I spent several months through the fall and winter of 2005 living in Adenta and Nsawam, Ghana. While in Ghana I had numerous new experiences, many of which involved food and the culture surrounding it.
The Ghanaian diet’s core ingredients were something that grabbed my attention immediately and kept me interested in what I ate throughout my entire stay in the country. Every climate and region of the world has specific foods that are native to the area. Native crops often manifest themselves in the form of an identifiable regional cuisine. Ghanaian cuisine has a cluster of ingredients that in combination make up almost the entire array of meals. What I found to be particularly note worthy is the fact that Ghanaian “traditional” cuisine is a combination of both native foods and foods brought in by colonists, food aid and capitalist markets. The fusion of new and old that has come to define Ghana’s history has also defined their culture and cuisine.
Most of the Ghanaian diet is made up of the following ingredients – Groundnuts (peanuts), palm oil, ginger, garlic, bouillon cubes, tomato, onion, garden eggs (egg plant, small white variety), pepe (ground hot red pepper), plantain, cassava, gari (granular flour of cassava tubers), yam, coco yam, chicken, tuna, tilapia, goat meat, green pepper, rice, red beans, contumre (like spinach, leaf of coco yam), shallots, okra, shito (cayenne pepper sauce) and corn.
This is a full spread at a dinner party and a great visual representation of Ghanaian cuisine. The red dish in the front is called Stew. It is a ginger, garlic, tomato, onion and oil sauce that is eaten with many foods. It is unbelievably good. The rice dish behind it is called Jollof. It is cooked with onions, garlic, chillies, tomatoes and added vegeis, and is popular throughout West Africa. It is also very similar to the Cajun Dirty Rice we have in the USA.
Meal Profile -
One of the most common foods eaten in Ghana, and throughout West Africa, is fufu. Fufu is a ball of dough/paste that is made of pounded plantain, cassava or yam (or any combination of the three). A video showing the fufu preparation process can be found here. The “ball” of fufu is served with several different soups. These soups are similar and all very tasty. The three most common are groundnut, light and palm nut.
Ground Nut Soup –
1 cup groundnut butter (peanut butter), approx. 4 cups water, 3-4 chicken legs, 3 fresh tomatoes, 1 onion, 1 shrimp bouillon cube, 2T ginger, 1 clove garlic, pinch of salt.
- Mix peanut butter with water and cook it on medium-high heat until oil is separated at top (my host mom warned me that if you do not cook it long enough you will give your family the runs)
- Place chicken in separate pot and add 1-2 cups water. Add ginger, garlic, salt, bouillon and pepe if preferred. Place whole tomatoes and onion in on top of other ingredients. Cover and let steam for 30 min.
- After steaming blend the onion and tomatoes. Strain mixture so the juices are returned to the pot containing the chicken.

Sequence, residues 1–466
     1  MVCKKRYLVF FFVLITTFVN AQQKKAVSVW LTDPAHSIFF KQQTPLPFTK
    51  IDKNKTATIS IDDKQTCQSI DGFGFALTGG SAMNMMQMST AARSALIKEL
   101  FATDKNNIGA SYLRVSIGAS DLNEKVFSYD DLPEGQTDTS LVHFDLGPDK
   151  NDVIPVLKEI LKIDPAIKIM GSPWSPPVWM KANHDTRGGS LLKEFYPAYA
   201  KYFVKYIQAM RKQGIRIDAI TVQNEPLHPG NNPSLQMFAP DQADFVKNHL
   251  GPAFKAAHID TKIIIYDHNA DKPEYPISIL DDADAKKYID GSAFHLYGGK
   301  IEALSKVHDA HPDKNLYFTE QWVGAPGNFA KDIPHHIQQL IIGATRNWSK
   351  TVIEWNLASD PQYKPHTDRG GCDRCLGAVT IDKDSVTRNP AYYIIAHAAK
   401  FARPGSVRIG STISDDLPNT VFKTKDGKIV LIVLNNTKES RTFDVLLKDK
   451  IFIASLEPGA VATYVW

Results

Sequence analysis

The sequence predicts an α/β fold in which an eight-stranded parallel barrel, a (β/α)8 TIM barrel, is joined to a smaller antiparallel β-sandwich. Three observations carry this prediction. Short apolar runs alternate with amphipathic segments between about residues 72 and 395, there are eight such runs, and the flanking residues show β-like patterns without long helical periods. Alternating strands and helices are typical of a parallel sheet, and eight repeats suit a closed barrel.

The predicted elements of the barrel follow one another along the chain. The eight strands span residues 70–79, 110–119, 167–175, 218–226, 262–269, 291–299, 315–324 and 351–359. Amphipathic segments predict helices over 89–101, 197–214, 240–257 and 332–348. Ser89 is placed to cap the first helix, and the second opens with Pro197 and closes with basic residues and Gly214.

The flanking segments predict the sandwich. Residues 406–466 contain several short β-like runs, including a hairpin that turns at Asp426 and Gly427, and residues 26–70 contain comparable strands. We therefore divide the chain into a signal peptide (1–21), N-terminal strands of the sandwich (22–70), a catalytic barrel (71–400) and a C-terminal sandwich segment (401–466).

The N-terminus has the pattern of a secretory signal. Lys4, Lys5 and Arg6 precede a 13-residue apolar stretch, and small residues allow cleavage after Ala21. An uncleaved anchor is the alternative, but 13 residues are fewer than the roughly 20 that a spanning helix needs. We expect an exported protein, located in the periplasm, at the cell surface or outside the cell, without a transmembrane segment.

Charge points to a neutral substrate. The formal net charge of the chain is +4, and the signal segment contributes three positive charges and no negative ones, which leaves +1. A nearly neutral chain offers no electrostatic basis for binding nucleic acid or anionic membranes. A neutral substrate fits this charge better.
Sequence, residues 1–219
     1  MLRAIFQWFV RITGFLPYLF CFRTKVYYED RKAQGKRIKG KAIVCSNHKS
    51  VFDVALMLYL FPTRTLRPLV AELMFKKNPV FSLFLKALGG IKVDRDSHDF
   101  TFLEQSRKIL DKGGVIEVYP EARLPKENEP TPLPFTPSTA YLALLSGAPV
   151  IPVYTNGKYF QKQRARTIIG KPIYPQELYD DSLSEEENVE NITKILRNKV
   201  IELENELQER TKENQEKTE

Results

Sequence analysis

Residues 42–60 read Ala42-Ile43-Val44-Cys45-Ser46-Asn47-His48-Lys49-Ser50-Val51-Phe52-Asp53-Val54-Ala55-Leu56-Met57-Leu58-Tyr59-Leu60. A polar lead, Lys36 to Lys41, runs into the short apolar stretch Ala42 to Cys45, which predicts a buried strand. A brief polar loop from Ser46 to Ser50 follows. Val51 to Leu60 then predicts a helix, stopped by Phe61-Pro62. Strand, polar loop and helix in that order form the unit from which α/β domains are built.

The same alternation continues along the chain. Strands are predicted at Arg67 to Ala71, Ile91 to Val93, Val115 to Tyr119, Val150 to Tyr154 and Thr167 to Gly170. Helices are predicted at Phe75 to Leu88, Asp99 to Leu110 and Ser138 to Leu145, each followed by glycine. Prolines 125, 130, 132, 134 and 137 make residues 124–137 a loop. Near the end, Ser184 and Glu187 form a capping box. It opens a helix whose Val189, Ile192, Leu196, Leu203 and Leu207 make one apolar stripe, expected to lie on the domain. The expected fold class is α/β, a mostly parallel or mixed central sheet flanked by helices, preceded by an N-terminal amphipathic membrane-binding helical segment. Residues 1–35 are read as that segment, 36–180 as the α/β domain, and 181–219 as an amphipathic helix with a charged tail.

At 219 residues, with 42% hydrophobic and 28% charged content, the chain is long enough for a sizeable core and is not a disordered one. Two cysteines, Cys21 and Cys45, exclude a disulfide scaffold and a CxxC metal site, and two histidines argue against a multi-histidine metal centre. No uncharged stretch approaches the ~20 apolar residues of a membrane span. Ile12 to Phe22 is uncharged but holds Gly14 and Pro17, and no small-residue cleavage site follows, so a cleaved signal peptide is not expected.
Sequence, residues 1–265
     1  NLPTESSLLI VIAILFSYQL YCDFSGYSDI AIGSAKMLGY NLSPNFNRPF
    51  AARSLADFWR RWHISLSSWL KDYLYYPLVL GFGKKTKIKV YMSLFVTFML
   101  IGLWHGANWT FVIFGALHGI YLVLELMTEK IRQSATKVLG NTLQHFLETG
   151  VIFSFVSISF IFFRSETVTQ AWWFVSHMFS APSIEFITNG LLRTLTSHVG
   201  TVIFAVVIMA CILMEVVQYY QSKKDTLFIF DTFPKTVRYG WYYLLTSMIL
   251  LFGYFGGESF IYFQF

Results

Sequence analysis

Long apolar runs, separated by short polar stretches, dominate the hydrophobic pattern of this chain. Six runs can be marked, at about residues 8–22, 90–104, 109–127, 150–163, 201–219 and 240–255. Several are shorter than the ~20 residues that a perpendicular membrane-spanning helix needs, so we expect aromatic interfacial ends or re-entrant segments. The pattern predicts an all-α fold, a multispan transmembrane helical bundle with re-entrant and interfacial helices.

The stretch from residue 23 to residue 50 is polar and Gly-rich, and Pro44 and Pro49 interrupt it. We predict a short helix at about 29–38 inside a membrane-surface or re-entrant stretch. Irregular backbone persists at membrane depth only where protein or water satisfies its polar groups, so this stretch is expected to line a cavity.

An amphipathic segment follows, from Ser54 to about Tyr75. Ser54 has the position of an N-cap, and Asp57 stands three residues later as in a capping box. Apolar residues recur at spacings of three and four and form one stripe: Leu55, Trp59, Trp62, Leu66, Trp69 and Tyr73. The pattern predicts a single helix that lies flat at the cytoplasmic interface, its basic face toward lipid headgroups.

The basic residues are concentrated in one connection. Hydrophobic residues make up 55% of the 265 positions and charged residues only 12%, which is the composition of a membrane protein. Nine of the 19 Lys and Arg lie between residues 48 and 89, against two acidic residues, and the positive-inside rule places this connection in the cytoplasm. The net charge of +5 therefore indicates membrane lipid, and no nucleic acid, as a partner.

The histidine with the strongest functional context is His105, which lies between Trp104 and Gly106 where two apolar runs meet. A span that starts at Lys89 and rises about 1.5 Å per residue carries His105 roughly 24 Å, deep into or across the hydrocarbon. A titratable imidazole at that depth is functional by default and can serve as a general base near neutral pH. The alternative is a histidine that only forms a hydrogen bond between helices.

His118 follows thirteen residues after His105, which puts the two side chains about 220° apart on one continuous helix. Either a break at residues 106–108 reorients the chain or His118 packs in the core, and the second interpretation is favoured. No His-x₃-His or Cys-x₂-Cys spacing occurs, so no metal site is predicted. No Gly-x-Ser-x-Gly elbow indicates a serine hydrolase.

- Add water to chicken mixture to fill pot (or for desired added liquid). Cover and bring to a boil.
- Place cooked groundnut mixture in strainer and strain it into boiling soup (you do this by holding the strainer submerged in the boiling soup and letting the groundnut more or less dissolve away).
- Let simmer for and hour. Then serve.
This Video shows the groundnut soup preparation process and also has a great Ghanaian soundtrack. (I did not make this video. The recipe varies a bit from my host family's)
This is a small store run by one of my host families. It carries many of the basic ingredients that people use on a daily basis. Often times people only purchase what they need for the next meal they are to prepare. These stores/stands can be found on pretty much every block.
This is an image from Medina Market, the largest market near my home in Adenta. This picture shows the way that spices and beans are bagged to be sold.
This is a picture of my host sisters and friends eating an "American meal." The meal consisted of Sloppy Joes and Mac & Cheese. We prepared Sloppy Joes because they are very USA but also made from ingredients that are part of the Ghanaian diet. We prepared Mac & Cheese to show them what American kids like. They loved the Sloppy Joes and hated the Mac & Cheese. We expected this to be the case. Dairy is rarely consumed in West Africa and most people are lactose intolerant. I think we may have also cooked broccoli, or at least some sort of green. All that I remember was that some was given to the dog and he did not even want to eat it. We joked that kids all over the world don't like vegetables.
This is Waakye (waa-che) and it is my favorite Ghanaian food. It is red beans cooked in combination with rice, served with fried chicken, some noodles, shito, and an egg. It is eaten as a big mixture and can be purchased on the street. It is kind of like a ice cream sunday that you get to pick and combine toppings for.
This Palava Sauce (contumre cooked with onions, tuna, hot oil, tomato and nuts), served with boiled ripe plantain and meat.
This is Kenkey, it is a fermented corn dough. There are two varieties named for the ethnic groups that make them. This is Ga Kenkey, it is distinguished by its corn husk wrapping, shorter fermentation time and added salt. The Fanti variety is wrapped in plantain leaves, ferments longer and has no added salt. Both are often served with shito and dried sardines.